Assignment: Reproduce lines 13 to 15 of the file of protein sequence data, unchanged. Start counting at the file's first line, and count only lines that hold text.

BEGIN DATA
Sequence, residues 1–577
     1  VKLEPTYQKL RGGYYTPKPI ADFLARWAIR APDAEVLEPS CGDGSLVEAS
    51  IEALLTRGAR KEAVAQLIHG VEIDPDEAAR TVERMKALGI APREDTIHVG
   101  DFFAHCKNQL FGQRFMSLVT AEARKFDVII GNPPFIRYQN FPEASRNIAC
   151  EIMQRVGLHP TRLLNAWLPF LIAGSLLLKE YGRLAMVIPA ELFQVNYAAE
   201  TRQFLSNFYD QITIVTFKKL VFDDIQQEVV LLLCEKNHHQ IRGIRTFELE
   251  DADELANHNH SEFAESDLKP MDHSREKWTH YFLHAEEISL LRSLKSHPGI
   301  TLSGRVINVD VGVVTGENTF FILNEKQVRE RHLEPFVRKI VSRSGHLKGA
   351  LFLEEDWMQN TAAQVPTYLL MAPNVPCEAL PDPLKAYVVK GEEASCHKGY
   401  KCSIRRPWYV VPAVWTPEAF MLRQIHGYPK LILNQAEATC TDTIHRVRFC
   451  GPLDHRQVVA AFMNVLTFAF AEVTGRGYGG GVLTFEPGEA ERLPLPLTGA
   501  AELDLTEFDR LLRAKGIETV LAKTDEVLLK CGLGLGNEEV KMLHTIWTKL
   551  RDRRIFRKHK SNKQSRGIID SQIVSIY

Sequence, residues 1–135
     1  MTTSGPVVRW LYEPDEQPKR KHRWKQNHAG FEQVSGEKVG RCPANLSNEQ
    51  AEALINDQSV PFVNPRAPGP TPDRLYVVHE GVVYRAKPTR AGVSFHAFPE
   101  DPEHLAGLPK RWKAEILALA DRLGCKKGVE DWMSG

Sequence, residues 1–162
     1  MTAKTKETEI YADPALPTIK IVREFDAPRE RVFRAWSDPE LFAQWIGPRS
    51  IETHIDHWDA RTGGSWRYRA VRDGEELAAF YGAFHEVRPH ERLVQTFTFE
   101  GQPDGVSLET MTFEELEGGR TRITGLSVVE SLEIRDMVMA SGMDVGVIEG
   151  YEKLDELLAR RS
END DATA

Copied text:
   551  RDRRIFRKHK SNKQSRGIID SQIVSIY

Sequence, residues 1–135
     1  MTTSGPVVRW LYEPDEQPKR KHRWKQNHAG FEQVSGEKVG RCPANLSNEQ